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MANILA, Philippines — As 2017 kicks into full swing, it’s a good time to think about how we can better ourselves and here’s one item to add to your list: reducing carbon emissions.

Annually, each Filipino is responsible for an average of one metric ton of carbon emissions or greenhouse gases that trap heat in the atmosphere and cause climate change.

That’s about the same amount of carbon emissions from using 103 gallons of gasoline, watching an LCD TV nonstop for 250 days, or flying a Boeing 747 for 8.9 minutes.

We’ve made some suggestions on what you can do on a daily to yearly basis to cut your emissions and help mitigate climate change.

Don’t attempt a positive change in your life only to dump the goal in a few weeks. Strive to keep your resolutions this year. — Rappler.com

Read more: #ClimateActionPH Calendar: How you can cut your carbon footprint: What can you do to cut your...

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Displacement linked to climate change is not a future hypothetical – it’s a current reality.

Girls cross a bamboo bridge on Katubidia island in Bangladesh, a nation where millions of people are at risk due to rising sea levels.  © UNHCR/Saiful Huq Omi

As activities get underway in Marrakech at COP22, the 22nd Conference of Parties to the United Nations Framework Convention on Climate Change, here are answers to some frequently asked questions about climate change and displacement.

Read more: Frequently asked questions on climate change and disaster displacement

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Thirteen game-changing initiatives from around the world were announced today as winners of the UNFCCC's Momentum for Change climate change award.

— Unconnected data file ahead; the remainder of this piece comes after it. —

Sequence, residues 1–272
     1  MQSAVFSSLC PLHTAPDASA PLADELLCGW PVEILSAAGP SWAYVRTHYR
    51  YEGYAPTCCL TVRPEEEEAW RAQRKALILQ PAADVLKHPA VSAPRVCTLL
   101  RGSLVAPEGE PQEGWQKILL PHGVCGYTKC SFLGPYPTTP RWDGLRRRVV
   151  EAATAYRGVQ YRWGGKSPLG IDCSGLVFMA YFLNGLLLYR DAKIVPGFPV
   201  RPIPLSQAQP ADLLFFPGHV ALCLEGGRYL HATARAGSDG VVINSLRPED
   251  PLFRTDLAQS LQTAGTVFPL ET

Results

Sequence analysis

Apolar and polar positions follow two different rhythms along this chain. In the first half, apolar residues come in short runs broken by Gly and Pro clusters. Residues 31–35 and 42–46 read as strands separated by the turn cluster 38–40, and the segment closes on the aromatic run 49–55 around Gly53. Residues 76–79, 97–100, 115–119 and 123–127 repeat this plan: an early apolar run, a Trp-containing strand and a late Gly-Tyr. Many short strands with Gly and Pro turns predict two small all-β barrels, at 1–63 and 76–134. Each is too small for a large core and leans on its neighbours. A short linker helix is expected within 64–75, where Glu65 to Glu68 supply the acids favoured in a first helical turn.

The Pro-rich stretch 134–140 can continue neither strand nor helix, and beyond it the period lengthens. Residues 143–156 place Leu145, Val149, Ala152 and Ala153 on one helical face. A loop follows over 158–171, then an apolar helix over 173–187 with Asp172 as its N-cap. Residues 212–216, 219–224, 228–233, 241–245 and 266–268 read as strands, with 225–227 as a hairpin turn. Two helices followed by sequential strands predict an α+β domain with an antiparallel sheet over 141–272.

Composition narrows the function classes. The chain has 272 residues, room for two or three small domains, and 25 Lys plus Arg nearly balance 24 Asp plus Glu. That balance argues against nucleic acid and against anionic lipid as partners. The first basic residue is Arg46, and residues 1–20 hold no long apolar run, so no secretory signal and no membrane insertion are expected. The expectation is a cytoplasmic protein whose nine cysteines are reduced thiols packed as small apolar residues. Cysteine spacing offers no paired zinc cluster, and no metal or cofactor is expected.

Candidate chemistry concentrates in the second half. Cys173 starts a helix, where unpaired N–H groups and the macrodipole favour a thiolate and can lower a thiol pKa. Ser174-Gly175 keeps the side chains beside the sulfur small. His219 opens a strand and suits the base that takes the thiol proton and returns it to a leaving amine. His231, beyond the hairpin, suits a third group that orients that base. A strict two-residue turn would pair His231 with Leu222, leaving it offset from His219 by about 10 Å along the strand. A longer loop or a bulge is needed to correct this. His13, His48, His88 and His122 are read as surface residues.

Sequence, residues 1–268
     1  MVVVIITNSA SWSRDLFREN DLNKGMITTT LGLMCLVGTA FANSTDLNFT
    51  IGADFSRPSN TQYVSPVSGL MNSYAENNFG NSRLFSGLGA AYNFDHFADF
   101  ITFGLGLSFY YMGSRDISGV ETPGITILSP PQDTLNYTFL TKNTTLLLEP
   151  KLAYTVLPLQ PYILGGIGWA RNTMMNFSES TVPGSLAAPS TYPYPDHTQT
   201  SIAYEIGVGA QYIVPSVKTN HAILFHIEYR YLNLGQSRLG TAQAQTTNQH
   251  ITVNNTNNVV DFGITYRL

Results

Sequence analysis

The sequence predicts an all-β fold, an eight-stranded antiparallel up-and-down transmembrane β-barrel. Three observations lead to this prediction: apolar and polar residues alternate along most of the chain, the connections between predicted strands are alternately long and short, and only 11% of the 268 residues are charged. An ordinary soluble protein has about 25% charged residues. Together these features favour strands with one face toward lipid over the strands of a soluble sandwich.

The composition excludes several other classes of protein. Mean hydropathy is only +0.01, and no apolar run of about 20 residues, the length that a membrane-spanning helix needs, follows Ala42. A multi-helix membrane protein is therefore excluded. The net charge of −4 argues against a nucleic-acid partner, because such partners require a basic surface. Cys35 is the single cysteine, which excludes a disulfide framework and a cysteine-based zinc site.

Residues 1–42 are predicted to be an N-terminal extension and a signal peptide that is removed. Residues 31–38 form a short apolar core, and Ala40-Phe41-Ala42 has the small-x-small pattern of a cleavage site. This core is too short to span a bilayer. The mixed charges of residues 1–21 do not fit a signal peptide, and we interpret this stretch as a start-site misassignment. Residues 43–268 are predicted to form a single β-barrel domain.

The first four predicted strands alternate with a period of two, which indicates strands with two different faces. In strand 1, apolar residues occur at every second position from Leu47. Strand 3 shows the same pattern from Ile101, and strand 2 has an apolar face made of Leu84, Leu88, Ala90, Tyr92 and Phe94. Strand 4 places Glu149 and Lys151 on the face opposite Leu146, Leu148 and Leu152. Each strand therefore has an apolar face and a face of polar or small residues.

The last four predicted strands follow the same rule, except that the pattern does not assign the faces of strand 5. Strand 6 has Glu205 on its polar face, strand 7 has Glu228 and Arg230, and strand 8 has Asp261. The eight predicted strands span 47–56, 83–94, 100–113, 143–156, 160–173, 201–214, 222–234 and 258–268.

Read more: Winners of 2016 UNFCCC Momentum for Change Award Announced

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Danish capital Copenhagen consistently ranks as one of the world’s most liveable cities – but it is not immune to climate change impacts such as severe flooding. In this interview, architect Camilla van Deurs of well-known urban planning firm Gehl People shares how the city is rejuvenating itself and building climate resilience at the same time.

A climate adaptation neighbourhood in Copenhagen designed to store and delay large amounts of rainwater so the city can avoid the disastrous flooding experienced in recent years due to heavier rainfall. Image: Eco-Business

Gehl People, the Danish urban research and design consulting firm, is known worldwide for its work in improving the quality of urban life by re-orienting city design towards the pedestrian and cyclist.

As the firm’s partner, director and team lead design, Camilla van Deurs specialises in intelligent urban development that improves liveability for citizens as well as builds resilience in cities.

Climate resilience has emerged as a key issue in recent years among policymakers and urban planners alike as cities all over the world prepare themselves for the potential impacts of climate change. 

Read more: How to create liveable, climate resilient cities

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